Wednesday, October 21, 2009
Thorn bushes. Rocks. Sand. Mountains. Silence...
Last weekend I went on a field trip with my Cape History class, to the Tankwa Karoo. Somehow I didn't catch the memo that we were really going to the desert, but this quickly became clear when we slipped out of Ceres and the landscape seemed to empty of its features, greenery and energy. It was somehow unnerving to be swallowed up into this desolation, which was so remote that it was almost exploding with nothingness. I didn't even notice that my cellphone signal had disappeared, not to return until we crossed over those mountains home. Like with most travelling, if you knew what you were about to experience, you may have had doubts about going (at least for me, the homebody). So maybe its better that your knowing leaves you, to be replaced by more urgent yet alive instincts, and that you are rooted and present in each moment, each hour that pulls you along with it, steady yet fragile in its continuum.
Therefore perhaps it was easier to have a quick and painless transition into the desert world. Suddenly we were on a dusty road, surrounded by shades of earth and ochre; and the emptiness. Leila, sleeping in the back, oblivious to the changing landscape and the lessening signals of civilization (later, complaining to each other but both knowing that we were actually loving getting away from it all). Brenda the department administrator next to me, checking on Leila, talking about her children, asking Nigel questions like "why are the rocks black? Did they get struck by lightening?" Abi the budding archeologist from our class, quiet and rooted and fitting into this so much more easily than Leila or I. Stuart in the front- older, quiet, strange. And Nigel the lecturer driving, making inane and hilarious comments in between sharing his expertise on this region of the world and its lost people.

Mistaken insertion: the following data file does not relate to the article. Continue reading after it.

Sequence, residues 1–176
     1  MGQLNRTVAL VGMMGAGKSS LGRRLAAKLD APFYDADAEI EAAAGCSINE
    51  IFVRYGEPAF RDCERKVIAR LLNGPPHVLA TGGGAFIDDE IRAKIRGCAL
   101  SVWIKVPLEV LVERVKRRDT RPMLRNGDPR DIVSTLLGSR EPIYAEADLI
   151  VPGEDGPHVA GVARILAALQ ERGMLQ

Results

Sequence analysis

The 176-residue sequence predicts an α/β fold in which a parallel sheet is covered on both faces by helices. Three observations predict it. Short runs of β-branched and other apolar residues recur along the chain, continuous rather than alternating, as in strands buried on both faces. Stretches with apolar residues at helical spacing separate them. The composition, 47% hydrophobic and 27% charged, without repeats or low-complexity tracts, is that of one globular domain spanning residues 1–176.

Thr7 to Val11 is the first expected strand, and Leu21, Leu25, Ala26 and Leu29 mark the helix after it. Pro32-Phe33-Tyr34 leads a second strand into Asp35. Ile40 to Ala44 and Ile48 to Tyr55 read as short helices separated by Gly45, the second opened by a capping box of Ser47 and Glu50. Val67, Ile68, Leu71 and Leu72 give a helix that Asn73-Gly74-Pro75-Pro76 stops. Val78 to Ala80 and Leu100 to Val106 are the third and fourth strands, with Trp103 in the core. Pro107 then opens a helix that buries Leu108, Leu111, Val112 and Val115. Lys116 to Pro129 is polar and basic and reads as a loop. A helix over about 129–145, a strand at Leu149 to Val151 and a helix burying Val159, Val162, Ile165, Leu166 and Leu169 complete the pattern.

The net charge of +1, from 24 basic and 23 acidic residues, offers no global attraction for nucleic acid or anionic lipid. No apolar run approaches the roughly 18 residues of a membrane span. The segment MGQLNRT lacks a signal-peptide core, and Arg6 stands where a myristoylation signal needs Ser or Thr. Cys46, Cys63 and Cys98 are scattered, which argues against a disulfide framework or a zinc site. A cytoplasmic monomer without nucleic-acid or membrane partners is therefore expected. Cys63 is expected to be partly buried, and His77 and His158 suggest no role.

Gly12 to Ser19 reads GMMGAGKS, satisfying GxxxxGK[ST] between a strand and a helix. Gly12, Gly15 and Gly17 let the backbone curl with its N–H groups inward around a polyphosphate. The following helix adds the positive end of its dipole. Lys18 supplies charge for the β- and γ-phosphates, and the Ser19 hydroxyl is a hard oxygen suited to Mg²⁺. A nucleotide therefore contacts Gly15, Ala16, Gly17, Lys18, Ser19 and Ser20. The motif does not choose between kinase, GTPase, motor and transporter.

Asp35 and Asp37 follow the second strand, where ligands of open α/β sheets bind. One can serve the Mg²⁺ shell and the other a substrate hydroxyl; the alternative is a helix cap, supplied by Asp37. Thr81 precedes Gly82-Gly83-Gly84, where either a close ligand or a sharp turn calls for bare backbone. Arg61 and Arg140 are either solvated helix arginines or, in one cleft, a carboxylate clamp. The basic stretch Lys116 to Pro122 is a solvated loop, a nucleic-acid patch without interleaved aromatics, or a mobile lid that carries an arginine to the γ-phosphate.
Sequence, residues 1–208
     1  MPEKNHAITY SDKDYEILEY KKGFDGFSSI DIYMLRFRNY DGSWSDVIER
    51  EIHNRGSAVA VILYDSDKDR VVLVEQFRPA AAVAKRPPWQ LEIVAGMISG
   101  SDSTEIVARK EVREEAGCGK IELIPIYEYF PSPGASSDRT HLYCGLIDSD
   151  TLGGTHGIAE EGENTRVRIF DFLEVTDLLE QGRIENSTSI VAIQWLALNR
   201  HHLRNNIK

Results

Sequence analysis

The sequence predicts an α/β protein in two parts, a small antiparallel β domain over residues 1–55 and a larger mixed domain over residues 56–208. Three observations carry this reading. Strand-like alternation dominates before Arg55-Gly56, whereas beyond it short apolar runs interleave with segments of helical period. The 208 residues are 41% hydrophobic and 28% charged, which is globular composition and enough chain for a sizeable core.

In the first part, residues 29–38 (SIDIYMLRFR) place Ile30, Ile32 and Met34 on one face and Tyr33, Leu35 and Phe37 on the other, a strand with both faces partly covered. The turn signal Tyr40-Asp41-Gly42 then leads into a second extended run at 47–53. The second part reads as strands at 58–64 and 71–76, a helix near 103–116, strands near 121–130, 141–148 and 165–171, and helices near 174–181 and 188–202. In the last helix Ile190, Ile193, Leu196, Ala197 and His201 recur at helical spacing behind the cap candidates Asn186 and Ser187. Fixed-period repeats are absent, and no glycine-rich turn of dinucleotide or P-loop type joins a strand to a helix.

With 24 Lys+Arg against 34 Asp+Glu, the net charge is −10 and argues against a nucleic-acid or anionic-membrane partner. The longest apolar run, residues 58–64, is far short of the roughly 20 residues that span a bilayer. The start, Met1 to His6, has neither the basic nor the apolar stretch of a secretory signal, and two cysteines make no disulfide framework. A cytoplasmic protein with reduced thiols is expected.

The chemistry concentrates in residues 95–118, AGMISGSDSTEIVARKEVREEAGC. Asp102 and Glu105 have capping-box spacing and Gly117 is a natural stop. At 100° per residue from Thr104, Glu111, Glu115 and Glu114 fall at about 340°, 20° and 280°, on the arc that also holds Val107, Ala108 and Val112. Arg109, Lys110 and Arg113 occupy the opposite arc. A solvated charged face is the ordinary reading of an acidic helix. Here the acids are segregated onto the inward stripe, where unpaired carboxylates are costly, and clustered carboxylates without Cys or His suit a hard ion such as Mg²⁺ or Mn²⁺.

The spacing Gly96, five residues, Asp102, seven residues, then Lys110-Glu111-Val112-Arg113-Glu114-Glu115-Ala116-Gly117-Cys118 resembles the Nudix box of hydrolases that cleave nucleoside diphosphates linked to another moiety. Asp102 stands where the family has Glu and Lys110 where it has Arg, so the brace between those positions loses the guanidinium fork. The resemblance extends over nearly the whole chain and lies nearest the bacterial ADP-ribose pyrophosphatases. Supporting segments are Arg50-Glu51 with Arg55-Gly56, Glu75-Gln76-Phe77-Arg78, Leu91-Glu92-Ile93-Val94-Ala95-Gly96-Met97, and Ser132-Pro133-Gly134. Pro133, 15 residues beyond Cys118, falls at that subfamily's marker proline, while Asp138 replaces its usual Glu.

The emptiness therefore weighed heavily, the silence lying on the landscape, all the more loud because of what had been forgotten here. We came to this place to look for a grave that had been found in the Roggeveld mountains, a range which stood imposingly on the edges of the flat desert plains. The grave possibly held the bones of a San person, maybe one of many who died in the trekboer commandos that decimated the indigenous peoples in these areas.
This landscape is intimidating, alien. Coetzee's Heart of the Country emerged urgently in my mind- Magda's senseless narrative as she slowly goes mad in the colonial outback made sense against this emptiness. Nothing to look at, nothing to admire, nothing to absorb the self... it is only you, there, now. You have to turn inwards and face yourself; and the imagination is forced to populate the landscape.
So we went on a hike to try find the San grave. We had photographs from when the grave was found two years ago, but beyond that there was no map, no trail, and no real idea of where we were going. We started hiking straight up amongst the thorn bushes and rocks. I felt great on the way up, strong and fit. I never run or walk with other people so it was good to see how I had built up my fitness. But I knew the way down would be a different story...